In 1912, in the great woolen center of Lawrence, Massachusetts, 20,000 workers walked out of the mills in spontaneous protest against a cut in their weekly pay. Workers had been averaging $8.76 for a 56-hour work week when a state law made 54 hours the maximum for women and for minors under 18. The companies reduced all hours to 54 but refused to raise wage rates to make up for the average loss of 31 cents per week suffered by each worker because of the reduction in hours.

This caused the walkout which rocked the great New England textile industry. Under the aggressive leadership of the Industrial Workers of the World the strike became front-page news throughout the country. This is how IWW leader Bill Haywood described the Lawrence strike in his autobiography, Bill Haywood's Book:

"It was a wonderful strike, the most significant strike, the greatest strike that has ever been carried on in this country or any other country. And the most significant part of that strike was that it was a democracy. The strikers had a committee of 56, representing 27 different languages. The boss would have to see all the committee to do any business with them. And immediately behind that committee was a substitute committee of another 56 prepared in the event of the original committee's being arrested. Every official in touch with affairs at Lawrence had a substitute selected to take his place in the event of being thrown in jail."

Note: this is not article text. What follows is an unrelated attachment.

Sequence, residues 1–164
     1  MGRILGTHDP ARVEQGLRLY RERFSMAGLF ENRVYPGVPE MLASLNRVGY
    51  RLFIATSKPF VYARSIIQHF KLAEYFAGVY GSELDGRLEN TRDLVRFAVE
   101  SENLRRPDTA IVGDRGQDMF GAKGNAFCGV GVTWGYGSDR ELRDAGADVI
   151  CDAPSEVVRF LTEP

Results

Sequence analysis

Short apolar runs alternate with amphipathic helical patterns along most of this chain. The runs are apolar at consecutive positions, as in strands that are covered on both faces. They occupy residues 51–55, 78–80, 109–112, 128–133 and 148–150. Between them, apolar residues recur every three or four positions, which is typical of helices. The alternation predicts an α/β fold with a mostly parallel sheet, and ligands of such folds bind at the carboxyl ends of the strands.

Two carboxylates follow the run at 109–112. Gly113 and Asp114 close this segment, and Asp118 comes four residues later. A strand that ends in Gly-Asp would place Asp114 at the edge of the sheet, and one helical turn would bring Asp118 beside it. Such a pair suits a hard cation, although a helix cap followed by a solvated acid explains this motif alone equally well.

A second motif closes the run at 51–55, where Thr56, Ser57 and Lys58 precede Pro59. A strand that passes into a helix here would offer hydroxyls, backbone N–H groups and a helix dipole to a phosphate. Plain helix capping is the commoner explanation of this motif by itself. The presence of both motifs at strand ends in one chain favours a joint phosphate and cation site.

After ten weeks the strikers won important concessions from the woolen companies, not only for themselves but also for 250,000 textile workers throughout New England.

During one of the many parades conducted by the strikers some young girls carried a banner with the slogan: "We want bread and roses too." This inspired James Oppenheim to write his poem, "Bread and Roses," which was set to music by Caroline Kohlsaat,

There is also an Italian song with the same title, "Pan e Rose," written by the Italian-American poet Arturo Giovannitti which is used by the Italian Dressmakers' Local 89 of the International Ladies' Garment Workers' Union.

Edith Fowke & Joe Glazer (eds.), Songs of Work and Protest, New York, NY, 1973, p. 71

Lyrics as reprinted ibid.

As we come marching, marching in the beauty of the day,
A million darkened kitchens, a thousand mill lofts gray,
Are touched with all the radiance that a sudden sun discloses,
For the people hear us singing: "Bread and roses! Bread and roses!"

As we come marching, marching, we battle too for men,
For they are women's children, and we mother them again.
Our lives shall not be sweated from birth until life closes;
Hearts starve as well as bodies; give us bread, but give us roses!

As we come marching, marching, unnumbered women dead
Go crying through our singing their ancient cry for bread.
Small art and love and beauty their drudging spirits knew.
Yes, it is bread we fight for -- but we fight for roses, too!

As we come marching, marching, we bring the greater days.
The rising of the women means the rising of the race.
No more the drudge and idler -- ten that toil where one reposes,
But a sharing of life's glories: Bread and roses! Bread and roses!